'You look a little green around the gills,' Dylis signed, taking in Doe's nervous fidgeting and trembling hands. 'Can you still use it?'
Doe bit her lower lip and raked her fingers through her hair. 'I think so,' she signed with her free hand. 'I have to. It's all we have of your brother and we have none of mine. But we will need to run and I need to...' She trailed off, her hands fumbling as if she could grab the missing word right out of the air. 'Assemble? No, that is not right. Join?'
Doe shook her head. 'It is of no importance, just wait a moment.'
She closed her eyes, blue light shining faintly through her eyelids, and leaned her head back. Dylis put the glass ornament in the breast pocket of her uniform. Nothing seemed to happen. She had to admit it was fairly anticlimactic when Doe just opened her eyes again and gave her a curt nod as if she'd just stopped to have a quick drink of water.
'What did you do?' she asked, scanning the nearby walls and floor for changes.
'I joined with my sister,' was all the answer she got. 'Are you prepared to run?'
'As I'll ever be.' Dylis eyed the closed door, thinking back on the small hole in the doorframe. 'Got any more exact instructions? What's going to happen?'
Doe stepped up to the door, crushing documents and letters under her feet as she did, and put one hand on it. 'This house is tied to your brother's blood. I do not know all about what that thing you have is, but it is tied to him as well, maybe even hurting him.'
Dylis fought the instinct to grab the glass ornament out of her pocket and smash it against the edge of the desk. 'Hurting him?'
'I am unsure.' Again Doe's hands were trembling, making the signs against the wood of the door. 'But I know some trap will spring the moment we remove it from this house. I will do my best to protect us. I hope it will be enough.'
Dylis brushed the fingers of her right hand over her breast pocket, then rubbed her palms together. The thief-scar was still there, uneven and obvious. She swallowed forcefully. 'Right. On your signal.'
The wood around the lock began to melt away under Doe's hands until it came loose and fell to the floor. Doe gave the door a push and it swung open. With a glance over her shoulder, she gave Dylis a nod and then threw herself outside.
Dylis followed suit. She landed on the ground outside on all fours, making a grab for the hilt of her sword before she noticed there wasn't a single soldier to be seen out there. Confused, she whirled around to look at where she'd come from, convinced that there was an ambush at hand.
The cabin went up in a wall of flames, a spontaneous bonfire that nearly took Dylis' eyebrows off. She jumped back, arm brought up to shield her face from the heat and watched as the papers and pictures inside burned away. The smell of evaporating blood stung her nostrils and she flinched back as thin glass projectiles shot out of the cave of fire, burying themselves in her skin.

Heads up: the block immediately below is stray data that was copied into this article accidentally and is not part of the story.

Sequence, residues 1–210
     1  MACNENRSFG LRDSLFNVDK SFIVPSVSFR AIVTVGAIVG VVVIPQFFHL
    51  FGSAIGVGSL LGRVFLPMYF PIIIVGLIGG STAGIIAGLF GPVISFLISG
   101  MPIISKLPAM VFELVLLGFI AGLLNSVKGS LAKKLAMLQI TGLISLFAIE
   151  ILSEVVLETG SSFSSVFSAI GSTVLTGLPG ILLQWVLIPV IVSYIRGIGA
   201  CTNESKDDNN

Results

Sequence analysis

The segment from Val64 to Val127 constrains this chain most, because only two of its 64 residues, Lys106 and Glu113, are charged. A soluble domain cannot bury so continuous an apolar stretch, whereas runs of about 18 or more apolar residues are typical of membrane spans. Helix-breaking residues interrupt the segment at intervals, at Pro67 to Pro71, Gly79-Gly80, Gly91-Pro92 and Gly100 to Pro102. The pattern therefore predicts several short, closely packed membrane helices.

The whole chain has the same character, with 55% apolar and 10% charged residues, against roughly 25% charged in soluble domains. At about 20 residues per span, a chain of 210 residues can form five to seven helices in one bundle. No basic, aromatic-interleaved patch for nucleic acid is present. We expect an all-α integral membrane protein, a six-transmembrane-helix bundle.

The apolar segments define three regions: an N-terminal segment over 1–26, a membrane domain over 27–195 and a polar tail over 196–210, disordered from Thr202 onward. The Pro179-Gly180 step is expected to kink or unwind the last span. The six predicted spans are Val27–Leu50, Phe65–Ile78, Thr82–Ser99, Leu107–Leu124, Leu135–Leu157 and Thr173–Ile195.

A hand wrapped around the wrist of her lowered right arm and tugged, turning her away from the fire and towards the empty training field. There was still no sign of guards of any kind and Dylis followed Doe very reluctantly, all her senses on edge.
Impatiently, Doe gave her arm another tug, mouthing something that looked urgent but incomprehensible. Smoke was filling the air, making it hard to both breathe and see, which did nothing to facilitate lip reading. Dylis told Doe this with a few curt waves of her free hand before she had to duck low to take a deep gasp of the cooler air near the ground.
'We need to leave!' Doe finally signed, again tugging at Dylis' arm. 'It's very weak, very shaky, we have to go!'
An electric hum started up behind them. Dylis could feel it brushing against her clothes, her back, vibrating into her skin. She'd only felt it a few times before, a knot of magical energy locked in place, spilling out of the trap that was a spell. She also had no trouble remembering the aftermath such spills usually led to.
The explosion came when they were halfway across the field and knocked them both off their feet. They scrambled to get upright but got knocked back down by the second shock wave. Dylis caught Doe moving her hands in a way that wasn't a sign or any emergency gesture she'd ever learned. The air around them seemed to stop, all wind stilling and the heat fading to a comfortable warmth.